by Ingrid Elliott, Rich Stolz, Anna Zivarts
Less than three months ago, a heatwave like we’ve never seen before gripped the Pacific Northwest killing over 1,200 people in Oregon, Washington, and British Columbia. Black, Brown, and poor people were hit first and worst — low-income neighborhoods recorded by far the highest temperatures — but everyone suffered in one of our region’s worst natural disasters.
Scientists called the heat dome “virtually impossible without human-caused climate change.” An August Seattle Times piece noted that extreme heat events in the Northwest become 14 times more likely with climate change. We made this reality. How can we pivot to a different one?
Continue reading OPINION: With the Right Transportation Policies, We Can Pivot to a New Climate Reality
by Mark Van Streefkerk
For Seattle to meet its carbon-neutral goal, we need to take an honest look at how we get from one place to another. Burning fossil fuels, like gasoline and diesel for motor vehicles, emits greenhouse gasses. In Seattle, roadway transportation makes up 40% of greenhouse gas emissions. For the U.S., emissions from transportation account for 29% of total greenhouse gases. Reducing our reliance on cars and gasoline plays an important role in reducing our carbon footprint. The good news is that everyday choices to walk, bike, scoot, or roll instead of driving can significantly reduce the greenhouse gasses we produce. Earlier this year a study found that ditching the car for one day out of the week can reduce personal carbon dioxide emissions by a quarter. Swapping even one trip in a car with walking or rolling makes a significant impact over time.
Continue reading The South End Guide to Reducing Our Carbon Footprint: Safety to Walk and Roll
by Lizz Giordano
While other Sound Transit projects face delays, all three future light rail infill stations — stations to be inserted along existing rail lines — including one planned for South Graham Street, remain on time or early, the agency decided Thursday, Aug. 6, as it confronts a $6.5 billion budget deficit.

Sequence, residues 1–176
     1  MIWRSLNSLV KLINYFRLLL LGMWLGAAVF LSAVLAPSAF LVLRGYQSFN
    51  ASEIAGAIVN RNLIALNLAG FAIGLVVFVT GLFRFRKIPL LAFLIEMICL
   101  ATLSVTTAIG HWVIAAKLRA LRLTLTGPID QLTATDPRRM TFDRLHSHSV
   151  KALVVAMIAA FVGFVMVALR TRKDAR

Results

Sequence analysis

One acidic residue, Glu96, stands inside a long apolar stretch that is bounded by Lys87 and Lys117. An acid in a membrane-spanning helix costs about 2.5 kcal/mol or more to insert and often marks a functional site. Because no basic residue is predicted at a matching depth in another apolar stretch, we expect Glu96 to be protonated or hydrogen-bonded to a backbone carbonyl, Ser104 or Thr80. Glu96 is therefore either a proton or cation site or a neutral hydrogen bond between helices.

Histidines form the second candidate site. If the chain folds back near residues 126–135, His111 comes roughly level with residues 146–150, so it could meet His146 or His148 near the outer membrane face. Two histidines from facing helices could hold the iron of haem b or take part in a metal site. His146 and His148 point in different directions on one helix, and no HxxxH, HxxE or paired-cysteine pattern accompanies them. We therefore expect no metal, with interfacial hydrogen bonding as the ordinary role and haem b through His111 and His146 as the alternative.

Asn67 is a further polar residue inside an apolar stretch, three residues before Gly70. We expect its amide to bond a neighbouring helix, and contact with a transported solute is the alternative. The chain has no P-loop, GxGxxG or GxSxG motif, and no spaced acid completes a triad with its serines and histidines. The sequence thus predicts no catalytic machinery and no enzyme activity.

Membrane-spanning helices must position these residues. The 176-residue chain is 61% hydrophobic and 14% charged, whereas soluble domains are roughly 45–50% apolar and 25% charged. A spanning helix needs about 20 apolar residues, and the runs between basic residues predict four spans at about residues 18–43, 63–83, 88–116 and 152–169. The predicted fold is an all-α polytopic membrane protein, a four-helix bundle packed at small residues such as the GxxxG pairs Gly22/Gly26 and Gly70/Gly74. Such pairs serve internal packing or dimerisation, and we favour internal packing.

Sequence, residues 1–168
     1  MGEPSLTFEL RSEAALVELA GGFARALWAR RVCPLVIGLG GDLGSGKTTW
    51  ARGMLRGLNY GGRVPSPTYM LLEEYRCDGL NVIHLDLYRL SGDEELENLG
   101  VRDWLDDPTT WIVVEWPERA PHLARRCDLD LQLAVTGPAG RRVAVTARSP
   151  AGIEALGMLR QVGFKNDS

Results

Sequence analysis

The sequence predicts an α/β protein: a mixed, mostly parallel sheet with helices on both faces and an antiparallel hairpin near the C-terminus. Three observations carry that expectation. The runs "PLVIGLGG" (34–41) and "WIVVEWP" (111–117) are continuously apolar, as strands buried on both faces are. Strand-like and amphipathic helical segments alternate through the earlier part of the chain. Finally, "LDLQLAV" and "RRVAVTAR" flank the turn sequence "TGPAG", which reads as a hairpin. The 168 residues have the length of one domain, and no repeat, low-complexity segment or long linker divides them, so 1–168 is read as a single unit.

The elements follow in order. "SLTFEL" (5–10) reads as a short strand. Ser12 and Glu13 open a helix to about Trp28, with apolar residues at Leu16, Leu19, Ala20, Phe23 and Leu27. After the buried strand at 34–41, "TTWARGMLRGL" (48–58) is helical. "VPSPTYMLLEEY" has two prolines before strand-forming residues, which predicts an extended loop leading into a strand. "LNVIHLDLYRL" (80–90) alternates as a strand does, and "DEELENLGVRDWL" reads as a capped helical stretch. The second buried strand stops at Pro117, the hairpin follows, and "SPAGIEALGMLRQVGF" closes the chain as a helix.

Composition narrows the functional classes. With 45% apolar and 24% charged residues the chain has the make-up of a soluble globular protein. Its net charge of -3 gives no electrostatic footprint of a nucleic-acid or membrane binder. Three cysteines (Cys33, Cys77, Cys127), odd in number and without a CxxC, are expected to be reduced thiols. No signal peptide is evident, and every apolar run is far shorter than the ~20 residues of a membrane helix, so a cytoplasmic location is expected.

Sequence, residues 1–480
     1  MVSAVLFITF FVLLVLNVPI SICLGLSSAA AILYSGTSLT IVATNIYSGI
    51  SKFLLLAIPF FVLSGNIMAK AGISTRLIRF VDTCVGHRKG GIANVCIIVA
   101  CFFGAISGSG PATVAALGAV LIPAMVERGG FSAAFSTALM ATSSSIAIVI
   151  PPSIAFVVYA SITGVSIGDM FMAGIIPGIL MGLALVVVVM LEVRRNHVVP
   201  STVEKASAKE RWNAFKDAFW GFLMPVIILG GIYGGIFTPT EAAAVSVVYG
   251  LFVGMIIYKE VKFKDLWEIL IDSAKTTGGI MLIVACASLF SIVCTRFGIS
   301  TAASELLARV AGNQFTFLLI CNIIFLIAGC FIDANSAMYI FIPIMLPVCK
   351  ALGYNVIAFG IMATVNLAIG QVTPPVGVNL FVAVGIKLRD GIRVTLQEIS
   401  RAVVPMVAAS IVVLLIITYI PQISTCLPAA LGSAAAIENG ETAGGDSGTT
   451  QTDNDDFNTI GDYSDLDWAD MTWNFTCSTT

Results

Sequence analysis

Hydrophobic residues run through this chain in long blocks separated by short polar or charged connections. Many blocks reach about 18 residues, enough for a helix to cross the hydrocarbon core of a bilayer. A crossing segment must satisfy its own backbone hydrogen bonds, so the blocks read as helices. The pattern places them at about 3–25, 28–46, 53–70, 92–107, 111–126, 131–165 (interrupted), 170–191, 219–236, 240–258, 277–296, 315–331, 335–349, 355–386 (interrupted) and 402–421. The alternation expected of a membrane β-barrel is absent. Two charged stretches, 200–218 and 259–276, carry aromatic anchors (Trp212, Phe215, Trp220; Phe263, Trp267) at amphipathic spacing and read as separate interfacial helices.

At the beginning of 2021, Sound Transit declared much of Sound Transit 3 (ST3) “unaffordable” as the agency faced a shortfall. The agency blames rising land costs, declining sales tax revenue due to COVID-19 shutdowns, and pricey project add-ons for the budget gap, which has since narrowed in part due to increased tax revenue projections.
The board approved a plan Thursday that placed projects into four tiers, prioritizing those in the top two tiers, which are mainly light rail and bus rapid transit extensions. Most of these are facing a two- to five-year postponement. Sound Transit estimates items in tiers three and four, mostly parking and Sounder train projects, could be delayed up to 10 years. On top of a financial setback, some ST3 projects face a one- to two-year planning lag which the agency attributes mostly to the pandemic.
Continue reading Graham Street Light Rail Station Dodges Delay
by Chamidae Ford
Dow Constantine, the current King County executive, is running for reelection this year. Constantine is a Seattle native who grew up in West Seattle and attended the University of Washington. He has had a long career in politics, serving as a Washington State representative from the 34th District for two terms, a State senator for one term, and later held a seat on the King County Council for nine years. Constantine has served as the King County executive for 12 years.